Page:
But the words rang false to me.  I tracked them using Google Books and other tools, and found that, in the age of printed memes on paper, this same phrase had often been attributed to Queen Victoria.  That sounded, if anything, even wronger (as Blackadder might say), but I gave a Google e-Book edition of the Letters of Queen Victoria a try.  And there, I found the meme's source -- a letter from Victoria's cousin, King Leopold of Belgium, written not by but to Her Majesty:
Dealings with artists, for instance, require great prudence; they are acquainted with all classes of society, and for that reason dangerous; they are hardly ever satisfied, and when you have too much to do with them, you are sure to have des ennuis — Leopold to Victoria, 10 October 1845
Delighted with my find, I eagerly posted a mimetic "correction," and a few sites, such as this one, picked up on this.

But really, I needn't have bothered; no one who shared the original version really cared; they had all moved on after the purported poster had done its all-too-brief work.  And that's the way it goes, with memes, at any rate.  Their power isn't in their truth, but in their infinite replicability.  One might as well criticize a piece of DNA.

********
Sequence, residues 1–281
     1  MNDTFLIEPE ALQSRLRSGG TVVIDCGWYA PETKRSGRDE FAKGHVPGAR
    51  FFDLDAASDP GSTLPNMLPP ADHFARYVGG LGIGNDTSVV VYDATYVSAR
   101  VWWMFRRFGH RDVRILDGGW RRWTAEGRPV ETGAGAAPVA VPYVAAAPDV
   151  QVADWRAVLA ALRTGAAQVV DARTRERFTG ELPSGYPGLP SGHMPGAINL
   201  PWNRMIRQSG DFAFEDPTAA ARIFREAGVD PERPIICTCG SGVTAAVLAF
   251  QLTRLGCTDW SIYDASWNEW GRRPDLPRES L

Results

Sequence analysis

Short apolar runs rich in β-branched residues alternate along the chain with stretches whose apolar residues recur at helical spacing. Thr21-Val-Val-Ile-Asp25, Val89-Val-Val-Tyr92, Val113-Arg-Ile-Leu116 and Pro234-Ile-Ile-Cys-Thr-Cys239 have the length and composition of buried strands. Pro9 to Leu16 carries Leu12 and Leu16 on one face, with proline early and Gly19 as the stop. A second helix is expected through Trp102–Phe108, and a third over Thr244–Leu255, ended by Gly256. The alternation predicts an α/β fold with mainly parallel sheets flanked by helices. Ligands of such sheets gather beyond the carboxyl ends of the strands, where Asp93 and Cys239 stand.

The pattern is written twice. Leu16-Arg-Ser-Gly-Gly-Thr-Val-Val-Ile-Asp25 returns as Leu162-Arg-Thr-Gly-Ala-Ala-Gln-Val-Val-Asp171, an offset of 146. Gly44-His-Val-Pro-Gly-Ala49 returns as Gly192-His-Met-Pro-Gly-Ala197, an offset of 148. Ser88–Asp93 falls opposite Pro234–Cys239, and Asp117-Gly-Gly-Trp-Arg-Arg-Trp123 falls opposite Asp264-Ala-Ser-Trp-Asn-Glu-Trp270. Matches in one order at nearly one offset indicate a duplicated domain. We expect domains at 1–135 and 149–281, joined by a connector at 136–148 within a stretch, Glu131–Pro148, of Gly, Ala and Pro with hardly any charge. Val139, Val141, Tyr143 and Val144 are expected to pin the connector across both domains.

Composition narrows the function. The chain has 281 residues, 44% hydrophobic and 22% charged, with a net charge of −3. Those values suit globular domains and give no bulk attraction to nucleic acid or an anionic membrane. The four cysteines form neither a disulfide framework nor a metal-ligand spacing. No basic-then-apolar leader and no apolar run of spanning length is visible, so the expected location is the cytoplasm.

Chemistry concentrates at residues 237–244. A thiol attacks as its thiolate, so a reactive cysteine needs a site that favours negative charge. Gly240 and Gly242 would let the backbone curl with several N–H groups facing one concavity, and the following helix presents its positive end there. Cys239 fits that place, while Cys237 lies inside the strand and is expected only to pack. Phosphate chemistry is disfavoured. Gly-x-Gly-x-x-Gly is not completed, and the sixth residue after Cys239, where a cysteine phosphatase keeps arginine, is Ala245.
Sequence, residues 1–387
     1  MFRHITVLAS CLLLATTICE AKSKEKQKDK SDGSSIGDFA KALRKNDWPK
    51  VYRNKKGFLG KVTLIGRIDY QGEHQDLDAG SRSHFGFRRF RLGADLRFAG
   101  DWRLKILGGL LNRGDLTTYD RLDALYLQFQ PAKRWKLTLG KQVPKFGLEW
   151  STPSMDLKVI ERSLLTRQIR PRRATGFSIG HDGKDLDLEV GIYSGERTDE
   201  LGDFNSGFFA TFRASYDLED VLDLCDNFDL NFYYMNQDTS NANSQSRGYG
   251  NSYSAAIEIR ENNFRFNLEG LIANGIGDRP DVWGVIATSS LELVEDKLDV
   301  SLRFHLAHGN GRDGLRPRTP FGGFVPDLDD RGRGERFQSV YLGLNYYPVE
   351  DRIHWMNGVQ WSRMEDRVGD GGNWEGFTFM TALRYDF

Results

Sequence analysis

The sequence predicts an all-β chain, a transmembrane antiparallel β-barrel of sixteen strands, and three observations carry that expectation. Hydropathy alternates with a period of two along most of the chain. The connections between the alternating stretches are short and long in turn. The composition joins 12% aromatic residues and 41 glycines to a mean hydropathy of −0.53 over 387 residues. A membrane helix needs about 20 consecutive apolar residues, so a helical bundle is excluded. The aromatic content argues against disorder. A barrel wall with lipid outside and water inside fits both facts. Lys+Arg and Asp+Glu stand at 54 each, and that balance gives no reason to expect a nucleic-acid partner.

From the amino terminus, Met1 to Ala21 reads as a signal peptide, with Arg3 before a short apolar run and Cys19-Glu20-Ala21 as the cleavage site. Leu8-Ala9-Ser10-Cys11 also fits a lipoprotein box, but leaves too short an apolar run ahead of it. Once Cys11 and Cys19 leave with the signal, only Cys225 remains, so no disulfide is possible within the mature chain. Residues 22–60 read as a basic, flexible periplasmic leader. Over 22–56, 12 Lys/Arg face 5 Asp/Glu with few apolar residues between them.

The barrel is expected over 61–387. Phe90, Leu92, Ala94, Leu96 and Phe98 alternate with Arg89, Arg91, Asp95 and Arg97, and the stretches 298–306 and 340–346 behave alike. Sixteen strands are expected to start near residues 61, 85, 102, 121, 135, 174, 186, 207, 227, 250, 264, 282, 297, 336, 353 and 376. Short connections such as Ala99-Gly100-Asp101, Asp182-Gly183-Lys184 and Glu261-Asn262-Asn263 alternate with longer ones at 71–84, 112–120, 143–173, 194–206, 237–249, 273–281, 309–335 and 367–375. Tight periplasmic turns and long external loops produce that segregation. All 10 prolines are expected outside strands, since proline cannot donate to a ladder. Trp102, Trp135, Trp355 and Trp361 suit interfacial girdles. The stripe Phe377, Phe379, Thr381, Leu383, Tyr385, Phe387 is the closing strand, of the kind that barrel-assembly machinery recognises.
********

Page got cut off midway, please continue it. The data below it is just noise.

1. UPDATE: According to Salon, the woman who originally "restored" the fresco now wants a share of the money the church has made from the uptick in tourism!

  2. Great post, I also liked your research on this. My guess on the popularity of the meme is that it's become something we all can have a fun laugh about around the '"cyber water-cooler". A bit of flash pop culture we can have fun with until the next big thing.

  3. Yes, and like rumors at the old "water cooler," they are very hard to stamp out!